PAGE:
Home is where I am near.
Far is where I live.
My home is in the far.
The night is still.
A dog barks from a farm.
A tiny dog not far below.
The bark is soft and small.
A lamp keeps the stars away.
If I go out there they are.
The noun “home” has seldom sounded so homely as it does here. That noun, the subject of the sentence, is made to equal an adverbial clause, “where I am near.” This latter clause contains the sentence within a sentence, “I am near,” which contains in it the sentence “I am.” A Russian-doll syntax, the first sentence. Following this first line, nouns like home, far, my home, night comply with different predicates and different parts of speech. Every sentence is a line, every line is end-stopped, every end-stop seems final, yet until the last uncanny line every sentence, with its back to the wall, is met by another sentence.
Listen to that last line:
If I go out there they are.
A syntactic slide accounts for the instability, and the richness, of this last sentence. A lamp can go out, and must go out or must be gone out from for the stars to reappear. So “If I go out” is a subliminal pun. And how might you punctuate this last sentence so as to provide a grammatical reading of it? Three options are not only possible but probable:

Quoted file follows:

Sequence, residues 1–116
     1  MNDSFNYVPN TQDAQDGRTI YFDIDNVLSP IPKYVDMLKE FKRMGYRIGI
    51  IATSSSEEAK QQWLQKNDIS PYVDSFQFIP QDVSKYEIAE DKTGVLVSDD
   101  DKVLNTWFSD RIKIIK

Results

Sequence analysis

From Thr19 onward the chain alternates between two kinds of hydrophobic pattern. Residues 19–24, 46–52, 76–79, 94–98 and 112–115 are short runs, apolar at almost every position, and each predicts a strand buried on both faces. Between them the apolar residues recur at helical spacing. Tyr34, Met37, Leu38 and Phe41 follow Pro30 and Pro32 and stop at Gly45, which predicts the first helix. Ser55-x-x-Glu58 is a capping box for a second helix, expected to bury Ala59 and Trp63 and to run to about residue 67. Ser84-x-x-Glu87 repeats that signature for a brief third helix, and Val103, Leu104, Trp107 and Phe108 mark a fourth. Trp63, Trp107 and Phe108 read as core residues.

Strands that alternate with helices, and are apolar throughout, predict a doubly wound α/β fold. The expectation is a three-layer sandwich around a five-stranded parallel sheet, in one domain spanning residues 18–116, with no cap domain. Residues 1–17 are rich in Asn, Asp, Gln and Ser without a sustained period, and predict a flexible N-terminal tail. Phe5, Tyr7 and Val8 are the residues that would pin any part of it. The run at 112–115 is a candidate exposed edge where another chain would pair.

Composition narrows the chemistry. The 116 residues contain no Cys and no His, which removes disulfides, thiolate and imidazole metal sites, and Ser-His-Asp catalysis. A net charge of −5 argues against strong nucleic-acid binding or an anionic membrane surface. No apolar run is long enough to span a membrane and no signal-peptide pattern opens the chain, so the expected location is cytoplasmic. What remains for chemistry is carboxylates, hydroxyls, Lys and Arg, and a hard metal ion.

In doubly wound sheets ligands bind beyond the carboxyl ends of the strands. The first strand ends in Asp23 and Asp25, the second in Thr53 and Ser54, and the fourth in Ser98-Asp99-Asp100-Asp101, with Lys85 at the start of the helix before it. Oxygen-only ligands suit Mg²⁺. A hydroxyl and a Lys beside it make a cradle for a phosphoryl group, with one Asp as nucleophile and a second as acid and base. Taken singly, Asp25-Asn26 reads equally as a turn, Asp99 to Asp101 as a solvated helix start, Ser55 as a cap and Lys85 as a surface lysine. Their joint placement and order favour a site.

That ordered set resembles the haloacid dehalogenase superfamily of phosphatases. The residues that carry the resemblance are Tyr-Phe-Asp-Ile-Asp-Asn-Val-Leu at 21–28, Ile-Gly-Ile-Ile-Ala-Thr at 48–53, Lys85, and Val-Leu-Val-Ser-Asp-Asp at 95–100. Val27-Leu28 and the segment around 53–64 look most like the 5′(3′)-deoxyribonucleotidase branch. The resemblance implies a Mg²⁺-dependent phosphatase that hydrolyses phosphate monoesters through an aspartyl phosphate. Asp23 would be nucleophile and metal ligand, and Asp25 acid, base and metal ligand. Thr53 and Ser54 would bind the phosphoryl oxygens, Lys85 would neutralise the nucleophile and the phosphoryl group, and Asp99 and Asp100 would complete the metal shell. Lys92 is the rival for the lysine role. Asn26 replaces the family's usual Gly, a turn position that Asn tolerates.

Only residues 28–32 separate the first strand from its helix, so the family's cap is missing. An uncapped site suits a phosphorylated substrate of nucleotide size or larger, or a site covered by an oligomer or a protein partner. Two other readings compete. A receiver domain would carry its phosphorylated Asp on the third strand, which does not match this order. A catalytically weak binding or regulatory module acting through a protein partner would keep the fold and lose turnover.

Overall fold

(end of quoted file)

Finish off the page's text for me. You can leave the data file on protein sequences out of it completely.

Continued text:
If I go out, there they are.
If I go, out there they are.
If I go out there, they are.
All three are grammatical, and on a subliminal level all three are true at once. Grammatical instability marries inside and outside, the single “I” and the plural “stars”—the fact of the stars and the perception of them, the sight of them, the almost unimaginable feeling of quiet owing to celestial distances that accompanies the simple act of the speaker stepping outside to the stars—this poem can be read among other ways as a domestic version of Whitman’s “When I Heard the Learn’d Astronomer.” But she doesn’t say she is looking at stars. She doesn’t have to. And she certainly doesn’t say “I observe the stars.” The stars appear in the proxy of a third person plural pronoun “they.” Their being for the speaker emerges as it is internalized by a syntax wherein grammatical phrases are instable enough to nicely overlap.
The simple omission of punctuation can destabilize grammar—this is exactly what happens in the last line of “At Home.” It is what happens, as has been beaten to death by critics—in Frost’s line “The woods are lovely, dark and deep.” But really the effect is liveliness. Insert the comma after dark, and you have a pretty pedestrian line of poetry: a series of obeisant adjectives. On a subliminal level the destabilization of grammar through the omission of the comma creates a literally unlikely yet internally credible definition of what “lovely” is in this isolated evening in a snowy woods.